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The caps are not perfectly smooth - they contain nucleation points, imperfections or dirt along the surface, where a bubble could form (similar to how boils are formed at nucleation points when heating water). As the cold water heats up, dissolved gasses are forced out of solution. Some of this gas dissipates, but some of it will attach to the nucleation ...


3

FWIW, its highly possible that the oily surface you observed is not at all related to your head and carbonation problems. I've seen that oily 'shimmer' on the top of several beers in primary, and like you, I was worried that some soap or something had gotten in there. However, I never noticed a correlation between the oily/rainbow sheen and any head ...


2

I have not experienced this before, but I would try to err on the safe side and siphon off everything above it, and try to leave the bubble undisturbed. If it is gas, it will probably pop since the pressure around it decreases, but if it is liquid you might be able to leave it in peace. I guess that it is liquid though which could have formed because the ...


2

The picture shows that your beer is actively fermenting. The brown foam is called "Krausen" and is composed of yeast and other solids that have been pushed to the top of the fermenter by the force of escaping CO2 The most likely explanation for the lack of airlock activity is that either the bucket's lid was not properly sealed, or the airlock was not ...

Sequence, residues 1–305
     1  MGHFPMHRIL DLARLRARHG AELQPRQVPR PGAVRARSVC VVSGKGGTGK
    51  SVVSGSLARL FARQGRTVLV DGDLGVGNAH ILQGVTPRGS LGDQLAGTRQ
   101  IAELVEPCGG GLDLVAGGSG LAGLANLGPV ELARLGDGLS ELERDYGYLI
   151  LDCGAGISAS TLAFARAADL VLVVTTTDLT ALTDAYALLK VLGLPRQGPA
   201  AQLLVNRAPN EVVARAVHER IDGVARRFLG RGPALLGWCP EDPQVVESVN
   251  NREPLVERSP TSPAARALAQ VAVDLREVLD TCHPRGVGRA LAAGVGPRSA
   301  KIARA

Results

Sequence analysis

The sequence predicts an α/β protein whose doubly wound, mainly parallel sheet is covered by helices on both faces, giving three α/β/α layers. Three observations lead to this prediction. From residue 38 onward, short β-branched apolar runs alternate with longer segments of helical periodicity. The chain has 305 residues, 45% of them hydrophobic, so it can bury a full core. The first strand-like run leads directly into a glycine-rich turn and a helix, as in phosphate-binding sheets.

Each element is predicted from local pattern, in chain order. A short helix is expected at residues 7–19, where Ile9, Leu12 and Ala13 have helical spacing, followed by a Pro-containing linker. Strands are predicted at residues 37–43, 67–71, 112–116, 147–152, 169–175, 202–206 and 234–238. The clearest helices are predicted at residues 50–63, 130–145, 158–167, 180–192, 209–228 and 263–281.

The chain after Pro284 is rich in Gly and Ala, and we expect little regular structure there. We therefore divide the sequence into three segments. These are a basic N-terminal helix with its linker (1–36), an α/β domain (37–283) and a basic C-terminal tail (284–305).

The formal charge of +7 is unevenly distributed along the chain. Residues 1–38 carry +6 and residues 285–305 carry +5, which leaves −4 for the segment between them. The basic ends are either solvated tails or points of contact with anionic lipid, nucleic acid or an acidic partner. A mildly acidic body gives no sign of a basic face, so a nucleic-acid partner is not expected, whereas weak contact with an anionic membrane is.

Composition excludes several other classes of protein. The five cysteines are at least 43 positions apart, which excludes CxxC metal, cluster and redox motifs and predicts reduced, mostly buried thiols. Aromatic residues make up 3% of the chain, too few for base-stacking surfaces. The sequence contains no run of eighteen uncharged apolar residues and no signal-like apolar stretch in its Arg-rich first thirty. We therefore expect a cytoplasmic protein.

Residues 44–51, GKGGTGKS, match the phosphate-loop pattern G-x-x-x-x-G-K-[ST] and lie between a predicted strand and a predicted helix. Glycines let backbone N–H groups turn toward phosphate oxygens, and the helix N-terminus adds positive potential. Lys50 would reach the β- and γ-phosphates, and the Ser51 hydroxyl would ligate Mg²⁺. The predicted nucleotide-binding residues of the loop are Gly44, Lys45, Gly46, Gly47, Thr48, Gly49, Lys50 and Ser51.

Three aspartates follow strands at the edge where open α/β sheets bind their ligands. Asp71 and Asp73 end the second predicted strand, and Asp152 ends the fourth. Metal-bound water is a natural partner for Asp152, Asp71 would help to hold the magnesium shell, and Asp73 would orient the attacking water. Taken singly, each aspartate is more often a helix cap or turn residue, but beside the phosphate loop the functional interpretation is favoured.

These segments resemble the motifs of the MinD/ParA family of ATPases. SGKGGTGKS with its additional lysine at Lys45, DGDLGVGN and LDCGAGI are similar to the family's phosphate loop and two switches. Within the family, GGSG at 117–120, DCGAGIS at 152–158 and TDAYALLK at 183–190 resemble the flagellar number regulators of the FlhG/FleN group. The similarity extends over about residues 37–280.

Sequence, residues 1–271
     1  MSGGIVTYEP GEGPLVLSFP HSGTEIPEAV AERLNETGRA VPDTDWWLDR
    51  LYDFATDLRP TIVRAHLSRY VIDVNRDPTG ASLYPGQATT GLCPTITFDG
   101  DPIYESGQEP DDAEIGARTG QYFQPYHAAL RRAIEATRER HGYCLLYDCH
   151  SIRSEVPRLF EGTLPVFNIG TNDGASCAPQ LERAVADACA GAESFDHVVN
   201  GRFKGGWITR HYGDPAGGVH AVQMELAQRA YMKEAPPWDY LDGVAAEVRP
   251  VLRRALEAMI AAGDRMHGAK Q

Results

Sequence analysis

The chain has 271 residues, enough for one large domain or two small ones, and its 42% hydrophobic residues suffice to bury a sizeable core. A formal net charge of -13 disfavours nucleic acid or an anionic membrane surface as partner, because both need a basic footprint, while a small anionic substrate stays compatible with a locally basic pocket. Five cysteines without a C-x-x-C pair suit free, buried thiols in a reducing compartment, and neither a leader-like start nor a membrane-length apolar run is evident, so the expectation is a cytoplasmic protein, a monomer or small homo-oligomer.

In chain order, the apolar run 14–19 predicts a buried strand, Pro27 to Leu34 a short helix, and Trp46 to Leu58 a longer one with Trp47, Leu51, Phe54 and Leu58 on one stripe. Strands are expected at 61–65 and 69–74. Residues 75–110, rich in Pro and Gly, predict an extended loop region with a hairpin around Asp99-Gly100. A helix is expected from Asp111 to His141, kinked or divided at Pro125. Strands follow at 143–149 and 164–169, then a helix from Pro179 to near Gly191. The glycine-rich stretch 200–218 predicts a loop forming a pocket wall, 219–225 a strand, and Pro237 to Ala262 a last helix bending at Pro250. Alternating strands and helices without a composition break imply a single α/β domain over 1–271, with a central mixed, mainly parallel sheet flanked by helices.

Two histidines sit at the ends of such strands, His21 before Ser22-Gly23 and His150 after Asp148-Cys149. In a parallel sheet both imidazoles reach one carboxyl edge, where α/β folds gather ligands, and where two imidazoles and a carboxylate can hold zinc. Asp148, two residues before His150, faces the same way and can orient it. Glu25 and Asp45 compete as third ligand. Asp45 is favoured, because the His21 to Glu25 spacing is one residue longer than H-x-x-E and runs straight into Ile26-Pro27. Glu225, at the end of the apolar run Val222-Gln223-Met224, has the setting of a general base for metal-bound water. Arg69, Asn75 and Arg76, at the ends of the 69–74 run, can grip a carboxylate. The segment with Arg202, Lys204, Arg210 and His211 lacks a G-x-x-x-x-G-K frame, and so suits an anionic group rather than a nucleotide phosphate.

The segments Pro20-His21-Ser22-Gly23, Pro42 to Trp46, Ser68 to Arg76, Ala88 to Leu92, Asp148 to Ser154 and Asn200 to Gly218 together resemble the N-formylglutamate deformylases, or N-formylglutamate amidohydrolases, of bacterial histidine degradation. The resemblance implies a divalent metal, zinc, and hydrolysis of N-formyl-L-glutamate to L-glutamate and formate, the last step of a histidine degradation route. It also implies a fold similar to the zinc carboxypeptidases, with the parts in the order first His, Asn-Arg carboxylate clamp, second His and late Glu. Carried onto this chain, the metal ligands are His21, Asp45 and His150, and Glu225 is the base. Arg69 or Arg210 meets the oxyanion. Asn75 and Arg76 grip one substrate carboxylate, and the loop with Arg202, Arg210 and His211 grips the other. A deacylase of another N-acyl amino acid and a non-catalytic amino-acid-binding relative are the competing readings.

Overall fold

2

An airlock does not provide a good indication of fermentation activity. You can have significant bubbling without fermentation or significant fermentation without bubbling. The only thing reliable way to measure fermentation is to take two gravity readings separated by a few days. If your final gravity is steady and near where you expected it to be, you can ...


2

As others have stated, airlock activity doesn't mean much. For what its worth I bottled a cream ale while secondary was still bubbling albeit at a rather slow clip. It had sat a week longer than recommended so I figured I was safe, turns out I was right. Brew tastes fantastic. buy a hydrometer and learn to use it, honestly its your best bet to ensure ...


1

I wouldn't rely completely on airlock activity. You should take a gravity reading with your hydrometer or refractometer at the same time each day for 2-3 days. If the gravity doesn't change, then fermentation should be complete and you can go ahead and bottle. Airlock activity isn't a reliable way to determine if your beer is done fermenting or not. The ...



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